An estimated 9,000 to 11,000 pneumoconia cases have been confirmed in the United States in the past year, according to the Centers for Disease Control and Prevention.
These outbreaks are not caused by coal mining, however, and are not related to the coal industry.
The number of coal workers who have pneumoconias has increased in the U.S. in recent years.
The coal industry, which accounts for nearly a quarter of the country’s employment, is facing an estimated $15 billion in COVID-19 funding from the federal government, which was set to expire in 2018.
In addition to the increased pneumoconium numbers, the mining industry is also facing increased infection rates among its workers.
Coal mining companies face increased risk of COVID because coal has the highest rates of respiratory infections.
The CDC’s preliminary data shows that COVID has increased infections for more than 4,000 coal miners and their families since 2014, according the Associated Press.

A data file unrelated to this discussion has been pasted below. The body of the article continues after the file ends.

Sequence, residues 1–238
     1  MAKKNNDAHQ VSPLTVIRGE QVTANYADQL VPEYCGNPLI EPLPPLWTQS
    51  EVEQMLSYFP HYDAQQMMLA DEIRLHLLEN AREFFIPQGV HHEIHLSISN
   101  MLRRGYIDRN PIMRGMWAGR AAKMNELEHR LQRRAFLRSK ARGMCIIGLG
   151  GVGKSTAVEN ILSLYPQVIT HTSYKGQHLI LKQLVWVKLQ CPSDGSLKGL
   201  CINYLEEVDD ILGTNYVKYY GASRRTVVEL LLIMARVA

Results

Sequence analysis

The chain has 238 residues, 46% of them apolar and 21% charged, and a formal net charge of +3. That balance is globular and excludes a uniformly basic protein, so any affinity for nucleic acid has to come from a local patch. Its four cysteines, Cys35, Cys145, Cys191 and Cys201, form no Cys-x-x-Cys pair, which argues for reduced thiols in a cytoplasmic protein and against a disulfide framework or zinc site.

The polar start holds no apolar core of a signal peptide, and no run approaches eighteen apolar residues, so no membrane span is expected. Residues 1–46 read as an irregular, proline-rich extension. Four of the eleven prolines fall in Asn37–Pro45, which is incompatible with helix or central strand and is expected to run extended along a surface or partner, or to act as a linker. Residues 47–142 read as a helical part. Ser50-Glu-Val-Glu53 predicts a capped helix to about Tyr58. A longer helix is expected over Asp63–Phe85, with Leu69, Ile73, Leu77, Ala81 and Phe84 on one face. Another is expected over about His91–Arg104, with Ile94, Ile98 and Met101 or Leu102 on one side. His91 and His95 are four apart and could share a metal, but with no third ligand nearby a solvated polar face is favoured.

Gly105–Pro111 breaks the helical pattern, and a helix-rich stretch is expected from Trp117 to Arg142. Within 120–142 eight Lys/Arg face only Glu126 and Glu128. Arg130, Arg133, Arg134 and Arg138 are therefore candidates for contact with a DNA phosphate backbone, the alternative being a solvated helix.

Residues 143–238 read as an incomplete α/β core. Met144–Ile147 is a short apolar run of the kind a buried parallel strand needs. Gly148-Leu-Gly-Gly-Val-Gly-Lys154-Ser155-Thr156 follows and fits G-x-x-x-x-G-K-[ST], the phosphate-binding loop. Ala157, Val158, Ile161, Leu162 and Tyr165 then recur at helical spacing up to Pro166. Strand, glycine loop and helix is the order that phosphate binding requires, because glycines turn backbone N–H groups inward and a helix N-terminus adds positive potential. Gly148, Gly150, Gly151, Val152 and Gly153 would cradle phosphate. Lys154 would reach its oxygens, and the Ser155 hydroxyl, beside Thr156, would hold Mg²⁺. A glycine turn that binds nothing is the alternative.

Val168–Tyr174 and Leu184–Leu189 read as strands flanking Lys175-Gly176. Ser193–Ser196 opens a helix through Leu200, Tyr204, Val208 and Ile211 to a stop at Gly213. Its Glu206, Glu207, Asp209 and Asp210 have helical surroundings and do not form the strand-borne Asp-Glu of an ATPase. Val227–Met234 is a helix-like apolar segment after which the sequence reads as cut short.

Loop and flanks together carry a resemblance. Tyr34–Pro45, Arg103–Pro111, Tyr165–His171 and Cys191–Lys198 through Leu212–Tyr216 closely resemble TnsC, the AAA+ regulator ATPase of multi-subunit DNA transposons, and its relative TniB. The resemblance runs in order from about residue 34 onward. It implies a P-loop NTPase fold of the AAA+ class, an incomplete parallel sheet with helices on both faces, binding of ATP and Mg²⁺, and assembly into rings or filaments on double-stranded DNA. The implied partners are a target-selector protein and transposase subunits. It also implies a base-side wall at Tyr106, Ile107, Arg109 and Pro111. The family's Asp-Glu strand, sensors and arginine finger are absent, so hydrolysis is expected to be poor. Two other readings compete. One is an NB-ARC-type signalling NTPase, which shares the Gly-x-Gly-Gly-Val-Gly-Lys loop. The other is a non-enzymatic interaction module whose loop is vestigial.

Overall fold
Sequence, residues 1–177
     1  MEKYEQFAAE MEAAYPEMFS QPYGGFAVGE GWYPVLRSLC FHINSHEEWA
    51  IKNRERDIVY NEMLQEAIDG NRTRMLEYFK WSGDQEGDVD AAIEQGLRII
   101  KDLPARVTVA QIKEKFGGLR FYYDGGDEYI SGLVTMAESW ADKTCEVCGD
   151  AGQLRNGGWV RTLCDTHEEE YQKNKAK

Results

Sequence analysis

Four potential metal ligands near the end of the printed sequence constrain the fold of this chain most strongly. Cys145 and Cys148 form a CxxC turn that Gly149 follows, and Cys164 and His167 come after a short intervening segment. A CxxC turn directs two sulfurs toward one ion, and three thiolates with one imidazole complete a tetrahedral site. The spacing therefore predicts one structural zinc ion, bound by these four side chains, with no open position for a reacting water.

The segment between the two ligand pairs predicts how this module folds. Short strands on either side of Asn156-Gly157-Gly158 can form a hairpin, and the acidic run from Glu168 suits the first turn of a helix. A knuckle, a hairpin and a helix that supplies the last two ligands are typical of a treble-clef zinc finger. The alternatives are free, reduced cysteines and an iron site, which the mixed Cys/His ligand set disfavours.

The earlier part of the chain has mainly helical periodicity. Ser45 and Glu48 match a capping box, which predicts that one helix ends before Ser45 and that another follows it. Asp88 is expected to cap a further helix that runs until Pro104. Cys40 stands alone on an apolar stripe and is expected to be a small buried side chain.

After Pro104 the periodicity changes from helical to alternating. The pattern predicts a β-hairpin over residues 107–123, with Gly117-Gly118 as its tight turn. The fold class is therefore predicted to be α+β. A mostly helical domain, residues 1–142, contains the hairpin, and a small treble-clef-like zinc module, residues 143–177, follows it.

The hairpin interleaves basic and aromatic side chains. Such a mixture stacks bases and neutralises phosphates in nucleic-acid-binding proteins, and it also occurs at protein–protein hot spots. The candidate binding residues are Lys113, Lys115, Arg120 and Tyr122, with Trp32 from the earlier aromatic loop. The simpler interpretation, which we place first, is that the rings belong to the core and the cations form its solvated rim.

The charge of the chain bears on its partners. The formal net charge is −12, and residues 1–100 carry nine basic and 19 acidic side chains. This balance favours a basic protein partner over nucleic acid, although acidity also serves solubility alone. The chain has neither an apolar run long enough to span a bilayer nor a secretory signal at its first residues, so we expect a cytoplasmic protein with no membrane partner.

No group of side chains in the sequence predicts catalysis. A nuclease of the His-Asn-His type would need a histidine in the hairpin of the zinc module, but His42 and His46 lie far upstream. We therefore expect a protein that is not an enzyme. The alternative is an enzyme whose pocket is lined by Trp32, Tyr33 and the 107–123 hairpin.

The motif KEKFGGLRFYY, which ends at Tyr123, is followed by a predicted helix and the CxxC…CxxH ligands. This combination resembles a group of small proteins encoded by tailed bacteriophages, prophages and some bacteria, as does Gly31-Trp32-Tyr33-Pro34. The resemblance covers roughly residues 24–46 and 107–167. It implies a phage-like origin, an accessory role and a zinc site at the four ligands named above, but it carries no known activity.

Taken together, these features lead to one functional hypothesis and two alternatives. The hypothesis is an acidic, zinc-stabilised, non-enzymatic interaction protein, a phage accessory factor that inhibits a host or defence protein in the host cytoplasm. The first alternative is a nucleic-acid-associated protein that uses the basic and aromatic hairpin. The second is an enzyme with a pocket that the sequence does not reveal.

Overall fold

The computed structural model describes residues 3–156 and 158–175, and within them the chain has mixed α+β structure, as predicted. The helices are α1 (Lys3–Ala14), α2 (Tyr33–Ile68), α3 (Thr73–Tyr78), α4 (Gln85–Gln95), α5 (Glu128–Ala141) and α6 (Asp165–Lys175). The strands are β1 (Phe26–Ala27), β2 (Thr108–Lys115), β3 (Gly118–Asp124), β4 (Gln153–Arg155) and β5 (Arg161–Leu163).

More: The Associated Press report cites the report by the National Mining Association that shows that miners are dying from COVID from pneumonia and bronchitis at a rate nearly triple that of their non-mining counterparts.
Coal mines are also facing an increased risk due to a lack of adequate ventilation, respiratory illness among workers and the lack of a protective respirator to prevent exposure to the toxic dust.
The mining industry has faced several issues related to COVID.
In February 2018, the American Association of Mine Safety Engineers (AAMSE) announced a rule to ban ventilation devices on mining sites that have a greater than 25% mine dust load.
In 2018, a new federal regulation was issued requiring that mining operations have at least two ventilation systems in place, but not for coal mines with less than 50% of a mine’s dust load, according Toepfer.
In August 2018, EPA proposed rules for a COVID vaccine, which would require a manufacturer to submit an application to the EPA.
This vaccine would have been produced by AstraZeneca.